What Seniors Need to Know About Sexually Transmitted Diseases
If you’re over age 65 and thinking of diving into the dating scene, you may want to talk with your doctor about sexually transmitted diseases (STDs, also called sexually transmitted infections or STIs). According to the U.S. Centers for Disease Control and Prevention, rates of the three most serious STDs—chlamydia, gonorrhea and syphilis—all have risen in the senior population over the past five years.
Many factors may be contributing to this trend, and seniors need to know their risk so they can take steps to prevent infection.
Experts speculate that STD rates may be rising within the over-65 age group for a number of reasons. The availability of medications to treat erectile dysfunction in men and vaginal dryness in women may keep people sexually active longer than in past decades, which increases the chance of acquiring an STI. Older adults also may see no need for birth control, so they forego condom usage without considering how barrier protection might spare them from getting an STD.
Over the past five years, data regarding men and women over age 65 show:
Chlamydia cases nearly doubled, from 6,801 infections reported in 2013 to 13,534 in 2017.
Gonorrhea cases almost tripled, going from 4,627 to 12,930.
Syphilis cases more than doubled, rising from 912 to 1,935.
It’s worth noting these rates don’t affect men and women equally. Men tend to experience more STIs than women do, overall, but the rates are rising among both groups. Keep in mind, also, these numbers don’t address rates for herpes, human papillomavirus (HPV), HIV, or other sexually transmitted conditions.
Part of starting a new sexual relationship involves each partner sharing their intimate history, including any current or previous STDs. All seniors having sex with new partners also should know common STD symptoms in order to seek prompt medical attention if needed.
Burning sensation when urinating
Discharge from the penis or vagina
In men: pain or burning around the urethral opening or pain or swelling in one or both testicles
In women: pain during intercourse
May produce mild symptoms or none at all early on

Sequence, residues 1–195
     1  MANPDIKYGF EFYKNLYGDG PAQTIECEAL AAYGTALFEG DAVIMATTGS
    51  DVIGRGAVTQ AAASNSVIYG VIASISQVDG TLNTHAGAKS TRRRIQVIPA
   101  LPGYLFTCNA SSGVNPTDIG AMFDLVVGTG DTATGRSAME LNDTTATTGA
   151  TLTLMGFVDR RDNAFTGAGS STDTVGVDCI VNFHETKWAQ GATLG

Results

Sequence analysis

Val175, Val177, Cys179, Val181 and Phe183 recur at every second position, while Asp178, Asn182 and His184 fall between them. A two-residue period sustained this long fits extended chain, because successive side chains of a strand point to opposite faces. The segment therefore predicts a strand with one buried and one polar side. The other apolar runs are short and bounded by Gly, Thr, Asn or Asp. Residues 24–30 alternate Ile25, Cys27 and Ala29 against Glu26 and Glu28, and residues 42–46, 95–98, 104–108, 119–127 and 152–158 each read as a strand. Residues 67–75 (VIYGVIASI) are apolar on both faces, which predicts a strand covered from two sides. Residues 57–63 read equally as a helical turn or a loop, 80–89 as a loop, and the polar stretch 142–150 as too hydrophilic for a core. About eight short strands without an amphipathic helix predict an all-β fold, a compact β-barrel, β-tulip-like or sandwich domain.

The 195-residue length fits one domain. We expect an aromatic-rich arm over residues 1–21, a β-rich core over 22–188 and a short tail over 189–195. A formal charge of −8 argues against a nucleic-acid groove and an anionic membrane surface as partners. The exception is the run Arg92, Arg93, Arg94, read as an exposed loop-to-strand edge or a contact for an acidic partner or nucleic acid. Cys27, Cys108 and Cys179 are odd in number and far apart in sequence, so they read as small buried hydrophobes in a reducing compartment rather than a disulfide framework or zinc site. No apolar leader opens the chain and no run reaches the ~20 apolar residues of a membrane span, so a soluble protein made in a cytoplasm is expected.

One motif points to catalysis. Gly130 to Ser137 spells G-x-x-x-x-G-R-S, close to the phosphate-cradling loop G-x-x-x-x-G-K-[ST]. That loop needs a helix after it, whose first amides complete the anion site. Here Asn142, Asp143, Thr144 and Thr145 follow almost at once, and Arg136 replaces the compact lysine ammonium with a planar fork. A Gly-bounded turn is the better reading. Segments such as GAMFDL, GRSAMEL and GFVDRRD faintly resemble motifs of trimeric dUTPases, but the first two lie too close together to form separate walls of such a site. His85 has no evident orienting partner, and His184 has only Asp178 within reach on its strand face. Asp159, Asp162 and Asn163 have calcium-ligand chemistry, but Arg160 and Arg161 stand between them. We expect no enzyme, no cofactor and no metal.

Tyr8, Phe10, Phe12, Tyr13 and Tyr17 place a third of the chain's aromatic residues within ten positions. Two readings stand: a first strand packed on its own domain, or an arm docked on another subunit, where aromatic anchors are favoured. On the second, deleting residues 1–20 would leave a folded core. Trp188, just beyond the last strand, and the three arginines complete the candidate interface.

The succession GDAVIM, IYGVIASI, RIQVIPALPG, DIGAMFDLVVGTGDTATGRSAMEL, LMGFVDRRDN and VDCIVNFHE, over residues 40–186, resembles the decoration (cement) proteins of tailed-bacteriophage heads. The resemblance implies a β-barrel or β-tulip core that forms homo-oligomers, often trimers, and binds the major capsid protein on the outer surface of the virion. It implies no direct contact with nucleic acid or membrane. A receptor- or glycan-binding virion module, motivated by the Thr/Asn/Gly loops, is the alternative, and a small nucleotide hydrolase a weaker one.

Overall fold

In men: pain with urination and/or discharge from the penis
In women: pain with urination and/or discharge from the vagina; spotting or bleeding also is possible
A sore in the genital area, mouth or lips that heals within 3 to 12 weeks
Occasionally a swollen lymph node near the site of the sore
Non-itchy skin rash on hands or feet
Treating adults over age 65 for STDs may require special considerations of the individual’s general health status and current medications. In general, antibiotics can cure these infections. You also will need to notify your sexual partners so they can consult their doctor. Usually the partners of anyone who gets chlamydia, gonorrhea or syphilis need to be treated even if they aren’t exhibiting symptoms.
Many people with chlamydia experience reinfection after taking antibiotics. Ask your doctor if you should be re-tested after three months to make sure you’re infection-free.
Older adults should not necessarily avoid physical intimacy just to prevent getting an STI, even though abstaining from sex is the surest way to prevent infection. If you plan to embark on a new sexual relationship, try these strategies for STD prevention:
Avoid engaging in sexual relations with multiple partners, as this increases your risk of getting an STD.
Have a frank discussion with your doctor or gynecologist about your plans. Your doctor can evaluate your current sexual health and suggest methods for preventing STDs.
Know that both men and women can get an STD through oral sex, too. Don’t engage in this type of intimacy unless you feel confident about your partner’s sexual history disclosure and current sexual health status.
Learn the proper way to use a condom. You can find many videos online that demonstrate how to put on and remove this important barrier against STIs.
While some sexually transmitted infections can be successfully treated with antibiotics, older adults should be aware that many other STDs cannot. Herpes, human papillomavirus (genital warts), and human immunodeficiency virus (HIV) represent lifelong conditions that could seriously affect a senior’s quality of life. Talking to your doctor about how to prevent STDs in older age is a good first step towards staying sexually healthy and active for as long as you desire.